Spying on Canadians

The Royal Canadian Mounted Police Security Service and the Origins of the Long Cold War

Reviewed by Graham Broad

Posted November 14, 2018

A double review with

It’s not paranoia if they actually are out to get you, and readers of two new books about the history of the RCMP’s security service may very well conclude that they are.

Christabelle Sethna and Steve Hewitt’s Just Watch Us examines RCMP surveillance of the “second wave” feminist movement in Canada over a fifteen-year period beginning in the late 1960s.

The core argument of their work is that the RCMP saw the women’s liberation movement through the lens of what the authors call a “red-tinged prism.” Largely ignorant of feminism and the authentically radical demands of the women’s movement, the RCMP instead searched for phantom communists in the movement’s ranks.

This in turn was part of a broader effort in the late sixties and the seventies to root out “red” influences in the New Left and its attendant social movements.

The RCMP’s activities, the authors note, should be of particular concern to Canadians, as the organization invariably targeted and further alienated already marginalized groups. Moreover, surveillance data was gathered not merely for its own sake but for its potential to disrupt, harass, and otherwise repress those communities when the government deemed it necessary to do so.

While Sethna and Hewitt focus on a period of about two decades, Gregory Kealey’s collection of essays, Spying on Canadians, ranges more freely. Forging links between the history of the security service and working-class Canadians, Kealey argues that unwarranted and often-paranoid domestic surveillance and, at times, outright repression have very deep historical roots, predating the creation of the RCMP and reaching back to the beginning of Canadian statehood.

These activities have been persistent over time but have waxed and waned with the times, intensifying in times of war, including during the Cold War and pseudo-wars — such as the “war on terror.”

Kealey’s essays, while scholarly and academic in tone, are not beyond reach for non-specialists. They focus in particular on the repression of labour and “suspect” immigrant groups. Of particular importance, as Canadians commemorate the end of the First World War, are Kealey’s essays on the repression of these same communities in wartime.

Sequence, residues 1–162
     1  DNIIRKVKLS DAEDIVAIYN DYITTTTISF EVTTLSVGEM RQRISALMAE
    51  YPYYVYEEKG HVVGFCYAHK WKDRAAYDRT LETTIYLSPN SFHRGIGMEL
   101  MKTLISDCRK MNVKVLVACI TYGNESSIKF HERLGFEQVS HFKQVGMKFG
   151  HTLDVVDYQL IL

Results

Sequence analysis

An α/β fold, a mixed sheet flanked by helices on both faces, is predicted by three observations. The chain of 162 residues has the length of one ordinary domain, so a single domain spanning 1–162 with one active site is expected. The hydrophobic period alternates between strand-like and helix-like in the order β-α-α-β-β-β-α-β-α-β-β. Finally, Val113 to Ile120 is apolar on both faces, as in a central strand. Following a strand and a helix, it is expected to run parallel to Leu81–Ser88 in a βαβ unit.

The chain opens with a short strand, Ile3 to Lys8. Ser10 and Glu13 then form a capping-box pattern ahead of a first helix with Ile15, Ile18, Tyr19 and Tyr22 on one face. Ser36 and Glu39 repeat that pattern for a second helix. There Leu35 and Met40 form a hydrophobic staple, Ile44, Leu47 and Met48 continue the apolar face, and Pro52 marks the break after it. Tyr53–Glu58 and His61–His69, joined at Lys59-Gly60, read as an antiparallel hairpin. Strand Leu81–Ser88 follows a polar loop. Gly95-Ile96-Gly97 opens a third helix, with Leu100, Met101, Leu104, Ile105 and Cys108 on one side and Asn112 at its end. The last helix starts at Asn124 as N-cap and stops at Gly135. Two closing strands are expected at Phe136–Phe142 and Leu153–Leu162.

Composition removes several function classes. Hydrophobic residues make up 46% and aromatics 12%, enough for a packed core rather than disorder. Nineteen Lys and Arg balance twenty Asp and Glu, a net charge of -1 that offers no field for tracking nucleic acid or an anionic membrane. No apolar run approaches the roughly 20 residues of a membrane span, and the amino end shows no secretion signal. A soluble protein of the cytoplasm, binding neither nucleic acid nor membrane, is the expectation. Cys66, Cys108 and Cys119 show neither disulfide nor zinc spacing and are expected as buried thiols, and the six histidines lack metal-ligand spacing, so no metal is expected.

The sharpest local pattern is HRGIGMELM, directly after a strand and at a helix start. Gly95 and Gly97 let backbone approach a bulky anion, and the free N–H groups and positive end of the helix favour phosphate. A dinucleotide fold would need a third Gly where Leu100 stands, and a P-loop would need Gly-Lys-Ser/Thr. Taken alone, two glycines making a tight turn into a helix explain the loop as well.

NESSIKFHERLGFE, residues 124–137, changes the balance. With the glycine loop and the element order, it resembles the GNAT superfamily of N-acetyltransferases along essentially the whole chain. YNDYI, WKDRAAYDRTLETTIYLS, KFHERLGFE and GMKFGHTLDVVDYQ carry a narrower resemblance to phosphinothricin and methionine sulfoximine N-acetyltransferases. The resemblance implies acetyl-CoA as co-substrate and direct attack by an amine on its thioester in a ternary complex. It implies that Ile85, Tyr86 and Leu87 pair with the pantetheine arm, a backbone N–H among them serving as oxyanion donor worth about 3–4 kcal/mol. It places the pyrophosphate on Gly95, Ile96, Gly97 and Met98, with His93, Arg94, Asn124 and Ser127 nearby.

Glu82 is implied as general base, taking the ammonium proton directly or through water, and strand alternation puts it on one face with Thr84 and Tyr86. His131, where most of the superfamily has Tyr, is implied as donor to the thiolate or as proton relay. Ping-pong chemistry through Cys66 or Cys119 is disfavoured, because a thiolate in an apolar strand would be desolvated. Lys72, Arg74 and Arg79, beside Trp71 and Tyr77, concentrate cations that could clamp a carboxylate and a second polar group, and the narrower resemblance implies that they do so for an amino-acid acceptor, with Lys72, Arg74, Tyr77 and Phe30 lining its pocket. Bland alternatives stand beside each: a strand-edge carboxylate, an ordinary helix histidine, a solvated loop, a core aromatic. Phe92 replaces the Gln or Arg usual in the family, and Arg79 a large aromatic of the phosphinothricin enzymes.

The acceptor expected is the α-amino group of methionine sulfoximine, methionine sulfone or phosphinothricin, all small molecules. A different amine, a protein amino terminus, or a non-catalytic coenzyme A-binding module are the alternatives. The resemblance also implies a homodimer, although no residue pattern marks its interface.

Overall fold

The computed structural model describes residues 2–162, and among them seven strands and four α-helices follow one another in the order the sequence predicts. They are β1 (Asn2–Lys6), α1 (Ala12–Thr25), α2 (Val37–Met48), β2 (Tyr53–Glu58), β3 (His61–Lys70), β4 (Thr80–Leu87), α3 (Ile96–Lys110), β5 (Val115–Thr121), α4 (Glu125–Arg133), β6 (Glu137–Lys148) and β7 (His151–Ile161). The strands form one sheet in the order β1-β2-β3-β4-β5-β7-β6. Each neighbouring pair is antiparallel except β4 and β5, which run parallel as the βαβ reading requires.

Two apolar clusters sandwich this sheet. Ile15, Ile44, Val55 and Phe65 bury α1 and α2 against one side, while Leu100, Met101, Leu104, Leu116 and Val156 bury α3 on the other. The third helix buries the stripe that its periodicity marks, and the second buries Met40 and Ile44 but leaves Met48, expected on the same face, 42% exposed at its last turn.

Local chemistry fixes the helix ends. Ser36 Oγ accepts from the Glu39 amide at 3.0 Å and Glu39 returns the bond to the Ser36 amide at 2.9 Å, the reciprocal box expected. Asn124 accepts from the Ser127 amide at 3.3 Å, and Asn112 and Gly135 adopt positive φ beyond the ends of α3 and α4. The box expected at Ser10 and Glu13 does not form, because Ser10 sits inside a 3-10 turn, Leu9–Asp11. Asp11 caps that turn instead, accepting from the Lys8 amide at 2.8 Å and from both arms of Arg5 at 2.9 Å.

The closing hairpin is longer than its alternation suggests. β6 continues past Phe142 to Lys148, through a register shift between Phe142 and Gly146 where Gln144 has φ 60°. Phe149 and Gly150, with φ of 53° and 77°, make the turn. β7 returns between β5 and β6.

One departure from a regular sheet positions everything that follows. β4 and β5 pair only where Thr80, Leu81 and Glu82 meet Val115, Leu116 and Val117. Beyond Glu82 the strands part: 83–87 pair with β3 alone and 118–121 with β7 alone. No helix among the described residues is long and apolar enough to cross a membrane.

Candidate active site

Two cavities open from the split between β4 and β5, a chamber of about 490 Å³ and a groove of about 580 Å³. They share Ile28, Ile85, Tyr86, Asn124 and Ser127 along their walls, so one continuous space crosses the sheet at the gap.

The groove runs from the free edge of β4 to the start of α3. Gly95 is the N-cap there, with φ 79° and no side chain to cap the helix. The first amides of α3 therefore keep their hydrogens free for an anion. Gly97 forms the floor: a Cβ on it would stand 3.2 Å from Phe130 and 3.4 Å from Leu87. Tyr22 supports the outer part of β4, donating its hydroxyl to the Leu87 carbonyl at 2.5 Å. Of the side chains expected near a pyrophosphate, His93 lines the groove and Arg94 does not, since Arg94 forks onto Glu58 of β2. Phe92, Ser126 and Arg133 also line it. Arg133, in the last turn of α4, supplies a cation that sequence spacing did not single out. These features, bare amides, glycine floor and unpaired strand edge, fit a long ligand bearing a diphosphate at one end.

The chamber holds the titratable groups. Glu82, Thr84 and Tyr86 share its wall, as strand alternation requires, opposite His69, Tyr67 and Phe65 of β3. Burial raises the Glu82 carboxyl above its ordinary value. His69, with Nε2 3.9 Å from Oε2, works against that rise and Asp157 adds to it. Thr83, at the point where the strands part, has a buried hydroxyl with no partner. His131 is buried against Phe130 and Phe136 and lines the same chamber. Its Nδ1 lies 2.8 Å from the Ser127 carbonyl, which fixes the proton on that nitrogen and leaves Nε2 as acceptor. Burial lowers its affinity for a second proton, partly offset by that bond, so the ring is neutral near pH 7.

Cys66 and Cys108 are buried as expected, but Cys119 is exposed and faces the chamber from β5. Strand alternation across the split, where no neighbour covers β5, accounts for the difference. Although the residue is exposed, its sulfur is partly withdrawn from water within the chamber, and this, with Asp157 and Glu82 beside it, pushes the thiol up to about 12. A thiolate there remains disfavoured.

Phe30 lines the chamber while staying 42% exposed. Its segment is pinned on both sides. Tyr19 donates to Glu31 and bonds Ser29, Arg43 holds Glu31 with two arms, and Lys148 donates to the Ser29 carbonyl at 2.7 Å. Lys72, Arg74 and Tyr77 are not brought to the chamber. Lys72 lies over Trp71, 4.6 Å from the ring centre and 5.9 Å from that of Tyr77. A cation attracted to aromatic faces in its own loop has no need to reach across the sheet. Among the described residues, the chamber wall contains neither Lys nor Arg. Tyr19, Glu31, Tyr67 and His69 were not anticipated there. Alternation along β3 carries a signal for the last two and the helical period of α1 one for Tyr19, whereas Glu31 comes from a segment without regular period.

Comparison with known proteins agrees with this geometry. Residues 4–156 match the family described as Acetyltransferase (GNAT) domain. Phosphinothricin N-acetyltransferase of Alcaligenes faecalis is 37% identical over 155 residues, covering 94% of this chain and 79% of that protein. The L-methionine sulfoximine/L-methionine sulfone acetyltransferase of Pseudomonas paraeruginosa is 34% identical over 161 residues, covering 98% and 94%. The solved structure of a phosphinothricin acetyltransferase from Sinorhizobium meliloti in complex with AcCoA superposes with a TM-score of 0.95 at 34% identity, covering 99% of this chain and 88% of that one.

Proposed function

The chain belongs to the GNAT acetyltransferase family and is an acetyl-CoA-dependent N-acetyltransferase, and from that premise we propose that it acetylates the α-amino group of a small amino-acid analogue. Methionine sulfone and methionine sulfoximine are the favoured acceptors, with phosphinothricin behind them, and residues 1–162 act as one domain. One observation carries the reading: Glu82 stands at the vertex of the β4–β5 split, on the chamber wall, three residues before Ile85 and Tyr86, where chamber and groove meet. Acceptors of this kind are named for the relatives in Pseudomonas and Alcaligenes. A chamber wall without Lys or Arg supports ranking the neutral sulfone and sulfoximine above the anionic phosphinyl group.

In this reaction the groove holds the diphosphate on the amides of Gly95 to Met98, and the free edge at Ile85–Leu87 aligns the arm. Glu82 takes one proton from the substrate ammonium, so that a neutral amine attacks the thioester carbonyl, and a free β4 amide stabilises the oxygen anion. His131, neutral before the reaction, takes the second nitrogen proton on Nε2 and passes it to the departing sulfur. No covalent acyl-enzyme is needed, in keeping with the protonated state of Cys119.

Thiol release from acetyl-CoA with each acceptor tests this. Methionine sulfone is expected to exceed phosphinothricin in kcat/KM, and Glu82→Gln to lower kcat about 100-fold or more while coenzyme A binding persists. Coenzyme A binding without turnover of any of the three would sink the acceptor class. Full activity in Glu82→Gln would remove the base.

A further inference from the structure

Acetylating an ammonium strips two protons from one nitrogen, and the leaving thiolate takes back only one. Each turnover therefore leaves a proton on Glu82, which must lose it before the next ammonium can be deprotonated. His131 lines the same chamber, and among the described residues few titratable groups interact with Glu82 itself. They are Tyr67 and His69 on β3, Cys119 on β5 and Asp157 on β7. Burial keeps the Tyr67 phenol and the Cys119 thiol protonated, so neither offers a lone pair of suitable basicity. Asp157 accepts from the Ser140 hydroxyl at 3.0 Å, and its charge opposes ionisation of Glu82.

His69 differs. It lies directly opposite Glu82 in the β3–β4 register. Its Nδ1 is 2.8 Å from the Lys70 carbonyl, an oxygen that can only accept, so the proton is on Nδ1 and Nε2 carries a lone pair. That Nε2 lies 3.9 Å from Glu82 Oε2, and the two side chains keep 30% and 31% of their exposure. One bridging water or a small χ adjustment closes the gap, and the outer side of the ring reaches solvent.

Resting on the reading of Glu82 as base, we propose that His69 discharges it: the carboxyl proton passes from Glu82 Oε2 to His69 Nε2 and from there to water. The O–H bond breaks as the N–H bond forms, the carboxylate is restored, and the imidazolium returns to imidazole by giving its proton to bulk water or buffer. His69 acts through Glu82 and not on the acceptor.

These chapters raise serious challenges to the uncritical claims, made too often at commemorative events, that the world wars were fought entirely to defend freedom and democracy.

Kealey’s essays were written between 1988 and 2003. It is something of a minor miracle that University of Toronto Press agreed to print a collection of papers that have been published elsewhere. But the force of Kealey’s indictment — and it is that — is greater when his essays are considered together.

The authors of both works, and Kealey in particular, stress that the issue is not merely passive surveillance but the violation of fundamental civil liberties. Kealey provides ample evidence of egregious acts of repression, directed in particular at organized labour, by the RCMP and its predecessors.

In their book, Sethna and Hewitt note that the redaction and outright destruction of certain records has made it impossible to discount the possibility that the RCMP carried out more serious acts of direct repression against the women’s movement and other New Left groups in the sixties and seventies.

Similarly — in two concluding chapters and an appendix that I urgently recommend to classes on historical method — Kealey writes at length about the trials, tribulations, and, indeed, risks involved in seeking access to information. As late as the mid-1980s, CSIS cited security concerns in attempting to deny his access to records from 1919 and 1920!

In their respective books, these writers emphasize that the history of the security service’s actions must be understood, lest renewed transgressions of the law and of the rights of Canadians be viewed as an aberration.

I began this review with a mild joke, but this is no joking matter. The RCMP’s domestic surveillance activities, of course, were not unique: American and British security services engaged in parallel acts and comparable acts of repression. But the revelation of these activities will surprise many Canadians and may even seem like an affront to others.

The current political situation in the United States, where the president himself has impugned the loyalty of the intelligence community, has resulted in the paradoxical sight of progressives rushing to the defence of the FBI and other national security agencies whose agendas they have in the past vehemently condemned.

Similarly, many Canadians today admire the bravery of members of the RCMP, embrace the myth of the agency’s nobility, and associate its uniforms and pageantry with Canadian identity. But, in their respective works, Kealey and Sethna and Hewitt have established a devastating counter-narrative: that of an RCMP that for decades imperilled the rights of Canadians whose security it purported to defend.

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Graham Broad is an associate professor of history at King’s University College at Western University.

This article originally appeared in the December 2018-January 2019 issue of Canada’s History.

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